OBJECTIVE: Published data suggest that the quality of information on diseases accessible on the Internet using non-medical search engines is poor. Such data do not exist for illnesses requiring intensive care. This study investigated the accuracy of health information about head injury pertaining to intensive care on the Internet, and correlated website characteristics with the quality of their content. METHODS: A cross-sectional survey was conducted of the first 20 websites retrieved by the seven most frequently used search engines, with the information evaluated by two independent observers. Inter-observer reliability was evaluated using the kappa statistic. Website information on head injury was compared with "gold standard" guidelines from the Brain Trauma Foundation. Website characteristics were assessed, and their correlation with quality of website content was analysed. RESULTS: 58 websites were assessed. Weighted kappa for interobserver agreement on quality scores was 0.72. The median content score was 2 (interquartile range, 0-4) out of a possible maximum of 23. Logistic regression analysis suggested that medical authors, government sponsors, and being in the second 10 websites retrieved by a search engine were associated with higher website quality scores, while financial incentive and advertisement were associated with lower quality scores. CONCLUSION: This study demonstrated that information retrieved by the public on head injury from non-medical websites may be incomplete and inaccurate. It also identified website characteristics associated with poor content quality.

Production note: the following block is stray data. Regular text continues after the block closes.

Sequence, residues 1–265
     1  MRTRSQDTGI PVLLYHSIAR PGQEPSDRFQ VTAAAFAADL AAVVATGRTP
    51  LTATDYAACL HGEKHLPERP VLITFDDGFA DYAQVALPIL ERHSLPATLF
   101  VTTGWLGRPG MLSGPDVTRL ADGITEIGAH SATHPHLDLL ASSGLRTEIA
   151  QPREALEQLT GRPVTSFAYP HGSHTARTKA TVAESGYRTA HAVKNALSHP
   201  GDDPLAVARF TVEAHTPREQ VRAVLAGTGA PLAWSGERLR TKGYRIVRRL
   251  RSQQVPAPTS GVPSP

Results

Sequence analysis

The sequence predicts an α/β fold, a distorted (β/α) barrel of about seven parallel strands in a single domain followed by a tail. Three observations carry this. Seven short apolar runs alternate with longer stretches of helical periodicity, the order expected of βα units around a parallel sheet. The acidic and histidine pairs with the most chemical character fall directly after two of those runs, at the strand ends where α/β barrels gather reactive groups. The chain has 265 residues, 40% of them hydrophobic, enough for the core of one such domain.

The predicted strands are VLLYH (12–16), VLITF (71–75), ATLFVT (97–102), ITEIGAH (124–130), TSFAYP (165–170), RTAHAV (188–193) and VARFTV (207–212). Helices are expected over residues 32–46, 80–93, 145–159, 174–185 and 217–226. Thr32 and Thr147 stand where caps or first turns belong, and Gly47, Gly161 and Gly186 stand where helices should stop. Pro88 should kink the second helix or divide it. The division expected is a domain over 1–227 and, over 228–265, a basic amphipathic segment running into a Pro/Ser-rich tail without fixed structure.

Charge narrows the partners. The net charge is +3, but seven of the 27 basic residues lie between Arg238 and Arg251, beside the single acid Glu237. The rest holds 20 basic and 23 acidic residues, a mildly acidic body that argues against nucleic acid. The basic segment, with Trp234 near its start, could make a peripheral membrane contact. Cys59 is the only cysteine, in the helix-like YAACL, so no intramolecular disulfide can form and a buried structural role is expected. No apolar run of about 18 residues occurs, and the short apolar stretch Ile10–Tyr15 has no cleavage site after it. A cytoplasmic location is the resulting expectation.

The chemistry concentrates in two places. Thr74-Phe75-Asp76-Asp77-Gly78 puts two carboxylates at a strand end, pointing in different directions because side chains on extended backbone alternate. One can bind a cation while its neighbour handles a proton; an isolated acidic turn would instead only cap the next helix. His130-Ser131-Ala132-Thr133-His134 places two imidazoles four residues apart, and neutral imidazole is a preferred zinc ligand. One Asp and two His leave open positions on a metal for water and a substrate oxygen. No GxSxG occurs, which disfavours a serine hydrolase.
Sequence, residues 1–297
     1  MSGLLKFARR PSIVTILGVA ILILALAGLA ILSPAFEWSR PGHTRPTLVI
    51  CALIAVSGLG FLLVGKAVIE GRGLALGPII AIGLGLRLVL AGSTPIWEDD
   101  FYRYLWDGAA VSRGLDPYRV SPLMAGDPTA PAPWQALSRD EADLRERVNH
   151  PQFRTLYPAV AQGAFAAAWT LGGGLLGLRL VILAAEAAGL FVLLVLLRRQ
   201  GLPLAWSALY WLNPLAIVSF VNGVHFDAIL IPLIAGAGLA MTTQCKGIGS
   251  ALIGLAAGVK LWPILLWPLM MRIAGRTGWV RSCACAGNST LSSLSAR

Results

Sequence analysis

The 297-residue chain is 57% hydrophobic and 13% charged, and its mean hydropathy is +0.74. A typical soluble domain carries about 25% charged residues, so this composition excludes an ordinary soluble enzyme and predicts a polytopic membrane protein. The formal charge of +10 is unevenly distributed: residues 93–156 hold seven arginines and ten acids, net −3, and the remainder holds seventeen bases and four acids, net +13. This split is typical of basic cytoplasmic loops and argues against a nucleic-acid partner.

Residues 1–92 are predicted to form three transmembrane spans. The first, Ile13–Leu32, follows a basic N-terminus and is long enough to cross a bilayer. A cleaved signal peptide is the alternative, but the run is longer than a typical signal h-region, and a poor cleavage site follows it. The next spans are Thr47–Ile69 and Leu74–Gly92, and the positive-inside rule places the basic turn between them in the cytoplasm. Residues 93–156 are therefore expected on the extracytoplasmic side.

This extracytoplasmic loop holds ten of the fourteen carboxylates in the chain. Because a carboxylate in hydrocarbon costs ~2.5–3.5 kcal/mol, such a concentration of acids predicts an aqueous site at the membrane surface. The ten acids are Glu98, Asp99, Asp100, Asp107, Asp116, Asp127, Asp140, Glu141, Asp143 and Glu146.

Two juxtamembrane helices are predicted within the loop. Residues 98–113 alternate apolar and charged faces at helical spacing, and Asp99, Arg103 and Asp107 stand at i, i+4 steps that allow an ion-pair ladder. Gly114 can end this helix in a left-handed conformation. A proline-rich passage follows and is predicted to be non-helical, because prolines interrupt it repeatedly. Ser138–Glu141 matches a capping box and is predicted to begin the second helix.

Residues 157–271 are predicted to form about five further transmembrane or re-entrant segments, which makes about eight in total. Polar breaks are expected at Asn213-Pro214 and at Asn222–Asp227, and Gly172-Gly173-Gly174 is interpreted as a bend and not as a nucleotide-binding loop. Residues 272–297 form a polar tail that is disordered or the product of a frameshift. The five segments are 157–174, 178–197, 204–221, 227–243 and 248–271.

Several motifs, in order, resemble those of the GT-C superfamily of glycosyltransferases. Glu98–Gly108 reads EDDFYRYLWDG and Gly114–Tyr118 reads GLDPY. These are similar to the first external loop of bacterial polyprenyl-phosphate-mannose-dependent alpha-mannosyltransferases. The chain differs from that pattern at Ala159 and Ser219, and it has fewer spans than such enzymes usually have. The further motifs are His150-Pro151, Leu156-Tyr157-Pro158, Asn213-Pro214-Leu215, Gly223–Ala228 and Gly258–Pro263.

|Number of pages||7|
|Journal||Critical care and resuscitation : journal of the Australasian Academy of Critical Care Medicine|
|Publication status||Published - Jun 2006|